Bivariate evaluation of thromboembolism and bleeding in clinical trials of anticoagulants in patients with atrial fibrillation

Antithrombotic Trials Leadership and Steering (ATLAS) Group

Research output: Contribution to journalArticlepeer-review

29 Scopus citations


Clinical trials of antithrombotic therapy require a cohesive assessment of benefit and risk. A new graphical method to represent the bivariate relation of benefit and risk in trials of antithrombotic drugs is described and illustrated using published data from the four major registration clinical trials of non-vitamin K oral anticoagulants (NOACs) totalling 71,683 patients for prevention of thromboembolic events (TE) in patients with atrial fibrillation (RE-LY, ROCKET AF, ARISTOTLE, and ENGAGE-AF TIMI48). A curve representing a null hypothesis defines a region of benefit on a two-dimensional plane. Trial results are summarised by a rectangle defined by standard 95 % confidence intervals (CI) for thrombosis and bleeding risks. Benefit is judged by whether the confidence rectangle contains the null curve. The treatment effect is measured by the distance from the null curve to the opposing corners of the confidence rectangle (termed “corner distance (CD)”). Across trials NOACs reduced the absolute risk of TE compared to warfarin by 0.30 % (95 % CI: –0.56 % to –0.05 %) and reduced major bleeding by 0.88 % (95 % CI: –1.26 % to –0.51 %). Bivariate evaluation showed NOAC superiority to warfarin overall and elucidated dose differences; low dose edoxaban increased bivariate TEbleeding risk 0.08 % (CD = –0.85 % to 0.78 %), whereas high dose edoxaban reduced risk 1.41 % (CD = –2.07 % to –0.70 %). In conclusion, bivariate evaluation facilitates visual assessment of the safety-efficacy profile of antithrombotic drugs. Its application to trials in atrial fibrillation found NOACs superior to warfarin without substantial differences between agents.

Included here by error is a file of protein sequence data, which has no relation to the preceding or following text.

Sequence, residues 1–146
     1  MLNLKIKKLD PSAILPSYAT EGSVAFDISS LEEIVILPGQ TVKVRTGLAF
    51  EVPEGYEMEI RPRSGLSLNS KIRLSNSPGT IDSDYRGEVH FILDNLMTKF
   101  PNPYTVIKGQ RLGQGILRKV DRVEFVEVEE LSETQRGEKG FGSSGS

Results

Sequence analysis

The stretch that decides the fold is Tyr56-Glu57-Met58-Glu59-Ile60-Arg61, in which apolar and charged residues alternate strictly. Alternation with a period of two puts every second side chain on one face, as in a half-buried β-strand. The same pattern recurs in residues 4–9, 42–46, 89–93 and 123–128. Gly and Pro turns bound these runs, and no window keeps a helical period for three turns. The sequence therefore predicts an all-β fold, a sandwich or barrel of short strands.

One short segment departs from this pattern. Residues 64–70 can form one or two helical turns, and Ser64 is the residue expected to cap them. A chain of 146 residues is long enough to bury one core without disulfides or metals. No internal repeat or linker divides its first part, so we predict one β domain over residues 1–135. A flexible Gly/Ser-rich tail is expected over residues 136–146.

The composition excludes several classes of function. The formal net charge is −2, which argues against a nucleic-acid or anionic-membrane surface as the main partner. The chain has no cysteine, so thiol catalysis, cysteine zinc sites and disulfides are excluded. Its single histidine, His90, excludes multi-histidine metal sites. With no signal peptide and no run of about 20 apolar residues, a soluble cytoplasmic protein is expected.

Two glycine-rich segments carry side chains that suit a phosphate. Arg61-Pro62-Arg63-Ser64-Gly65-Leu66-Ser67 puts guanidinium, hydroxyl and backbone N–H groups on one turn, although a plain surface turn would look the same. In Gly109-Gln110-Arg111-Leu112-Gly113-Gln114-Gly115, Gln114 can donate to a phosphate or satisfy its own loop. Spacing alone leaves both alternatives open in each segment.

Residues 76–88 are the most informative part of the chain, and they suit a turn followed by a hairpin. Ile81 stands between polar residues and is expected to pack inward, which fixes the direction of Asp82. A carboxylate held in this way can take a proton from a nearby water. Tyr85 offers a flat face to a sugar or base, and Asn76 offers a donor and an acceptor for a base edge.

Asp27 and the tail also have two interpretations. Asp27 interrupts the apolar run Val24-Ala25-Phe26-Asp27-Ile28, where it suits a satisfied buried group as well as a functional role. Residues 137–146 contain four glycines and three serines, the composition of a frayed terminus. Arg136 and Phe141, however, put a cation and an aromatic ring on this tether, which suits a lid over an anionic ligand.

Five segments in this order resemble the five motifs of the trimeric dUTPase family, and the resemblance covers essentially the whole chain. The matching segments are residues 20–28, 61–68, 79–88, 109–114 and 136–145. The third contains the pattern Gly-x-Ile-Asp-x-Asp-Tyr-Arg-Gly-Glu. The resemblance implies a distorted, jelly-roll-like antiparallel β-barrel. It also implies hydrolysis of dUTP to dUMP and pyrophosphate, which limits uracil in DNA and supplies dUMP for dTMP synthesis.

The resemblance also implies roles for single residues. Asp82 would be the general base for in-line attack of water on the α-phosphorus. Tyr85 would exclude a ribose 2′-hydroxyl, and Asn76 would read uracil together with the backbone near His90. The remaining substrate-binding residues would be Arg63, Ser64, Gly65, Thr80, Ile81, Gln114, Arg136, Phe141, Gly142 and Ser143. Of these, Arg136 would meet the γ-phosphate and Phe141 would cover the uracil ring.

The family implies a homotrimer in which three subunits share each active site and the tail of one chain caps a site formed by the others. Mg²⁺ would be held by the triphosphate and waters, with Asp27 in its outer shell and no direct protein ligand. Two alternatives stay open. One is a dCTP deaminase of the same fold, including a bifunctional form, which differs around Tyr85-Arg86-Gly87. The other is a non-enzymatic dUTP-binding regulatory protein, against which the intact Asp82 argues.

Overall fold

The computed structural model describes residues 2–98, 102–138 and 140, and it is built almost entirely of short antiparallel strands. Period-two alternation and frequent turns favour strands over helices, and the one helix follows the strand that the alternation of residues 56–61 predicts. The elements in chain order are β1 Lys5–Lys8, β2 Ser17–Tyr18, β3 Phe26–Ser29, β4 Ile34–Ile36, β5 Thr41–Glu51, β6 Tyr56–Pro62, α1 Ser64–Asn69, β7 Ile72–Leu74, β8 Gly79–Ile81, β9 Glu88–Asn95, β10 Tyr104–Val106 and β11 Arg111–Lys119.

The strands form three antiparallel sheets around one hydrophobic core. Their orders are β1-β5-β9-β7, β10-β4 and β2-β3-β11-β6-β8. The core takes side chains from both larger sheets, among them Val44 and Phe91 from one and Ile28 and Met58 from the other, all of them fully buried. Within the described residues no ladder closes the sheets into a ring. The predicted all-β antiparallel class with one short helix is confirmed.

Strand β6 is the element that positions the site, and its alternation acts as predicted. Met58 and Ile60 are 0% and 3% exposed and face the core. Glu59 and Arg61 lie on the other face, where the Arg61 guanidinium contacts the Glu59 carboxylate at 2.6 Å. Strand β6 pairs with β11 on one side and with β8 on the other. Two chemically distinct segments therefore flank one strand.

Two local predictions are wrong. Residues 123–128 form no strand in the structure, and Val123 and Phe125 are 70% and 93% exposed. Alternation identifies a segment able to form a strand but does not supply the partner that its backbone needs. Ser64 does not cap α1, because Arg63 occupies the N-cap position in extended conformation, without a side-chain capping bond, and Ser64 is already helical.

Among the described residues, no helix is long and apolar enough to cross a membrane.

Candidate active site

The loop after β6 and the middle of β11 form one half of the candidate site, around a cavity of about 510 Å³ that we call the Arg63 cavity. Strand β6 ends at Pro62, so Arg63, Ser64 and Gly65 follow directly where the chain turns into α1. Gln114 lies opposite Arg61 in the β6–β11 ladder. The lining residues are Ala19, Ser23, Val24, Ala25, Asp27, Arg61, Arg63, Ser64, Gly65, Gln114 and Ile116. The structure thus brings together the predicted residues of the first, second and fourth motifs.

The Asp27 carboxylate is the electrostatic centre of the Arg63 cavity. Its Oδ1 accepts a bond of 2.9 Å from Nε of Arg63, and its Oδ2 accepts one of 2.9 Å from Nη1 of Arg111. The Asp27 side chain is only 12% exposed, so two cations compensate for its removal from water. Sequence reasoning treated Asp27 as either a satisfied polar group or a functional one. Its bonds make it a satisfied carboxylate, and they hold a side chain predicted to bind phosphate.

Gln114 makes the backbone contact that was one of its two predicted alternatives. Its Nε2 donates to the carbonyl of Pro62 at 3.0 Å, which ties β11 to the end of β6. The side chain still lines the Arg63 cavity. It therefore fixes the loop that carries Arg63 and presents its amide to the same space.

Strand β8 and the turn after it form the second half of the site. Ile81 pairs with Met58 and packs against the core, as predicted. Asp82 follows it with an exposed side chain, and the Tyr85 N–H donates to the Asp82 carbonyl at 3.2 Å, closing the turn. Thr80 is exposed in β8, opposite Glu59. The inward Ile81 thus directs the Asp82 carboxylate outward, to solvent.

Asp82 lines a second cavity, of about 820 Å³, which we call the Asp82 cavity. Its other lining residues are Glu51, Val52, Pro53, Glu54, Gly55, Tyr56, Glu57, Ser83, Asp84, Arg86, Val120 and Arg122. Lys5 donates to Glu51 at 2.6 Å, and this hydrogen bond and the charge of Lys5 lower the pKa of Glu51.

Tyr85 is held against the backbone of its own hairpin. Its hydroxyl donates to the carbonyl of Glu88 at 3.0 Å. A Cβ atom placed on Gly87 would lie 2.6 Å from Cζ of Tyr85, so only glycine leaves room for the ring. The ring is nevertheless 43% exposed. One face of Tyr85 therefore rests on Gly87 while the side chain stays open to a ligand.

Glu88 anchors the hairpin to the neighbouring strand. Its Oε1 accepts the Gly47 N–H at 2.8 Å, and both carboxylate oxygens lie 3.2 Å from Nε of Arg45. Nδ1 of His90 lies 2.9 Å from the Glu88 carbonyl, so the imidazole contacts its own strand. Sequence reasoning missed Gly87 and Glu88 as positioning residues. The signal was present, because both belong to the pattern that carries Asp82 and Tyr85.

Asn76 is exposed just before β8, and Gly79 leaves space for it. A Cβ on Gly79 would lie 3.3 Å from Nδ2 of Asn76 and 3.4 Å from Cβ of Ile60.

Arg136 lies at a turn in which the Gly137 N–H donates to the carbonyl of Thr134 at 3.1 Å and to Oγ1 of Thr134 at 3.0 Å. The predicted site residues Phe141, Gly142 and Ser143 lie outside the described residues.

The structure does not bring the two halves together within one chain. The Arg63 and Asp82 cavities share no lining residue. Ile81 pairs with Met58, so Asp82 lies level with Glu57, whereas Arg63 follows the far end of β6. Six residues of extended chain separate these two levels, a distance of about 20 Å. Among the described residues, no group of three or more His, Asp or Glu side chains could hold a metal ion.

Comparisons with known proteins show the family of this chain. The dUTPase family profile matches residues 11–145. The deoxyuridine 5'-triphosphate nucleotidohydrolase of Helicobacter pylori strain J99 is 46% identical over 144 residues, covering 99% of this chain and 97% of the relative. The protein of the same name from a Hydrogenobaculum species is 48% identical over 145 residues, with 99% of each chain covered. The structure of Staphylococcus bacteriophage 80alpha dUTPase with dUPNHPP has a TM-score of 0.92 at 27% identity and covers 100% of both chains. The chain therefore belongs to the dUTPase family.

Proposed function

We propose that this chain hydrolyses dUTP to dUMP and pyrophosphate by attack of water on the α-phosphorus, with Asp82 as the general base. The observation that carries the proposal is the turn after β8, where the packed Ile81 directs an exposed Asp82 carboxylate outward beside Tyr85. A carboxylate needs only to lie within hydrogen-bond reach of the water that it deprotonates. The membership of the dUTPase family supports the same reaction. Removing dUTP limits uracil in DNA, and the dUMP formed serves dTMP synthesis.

Original languageEnglish
Pages (from-to)544-553
Number of pages10
JournalThrombosis and Haemostasis
Issue number3
StatePublished - Sep 2016


  • Clinical trial
  • Meta-analysis
  • Net clinical benefit
  • Noninferiority


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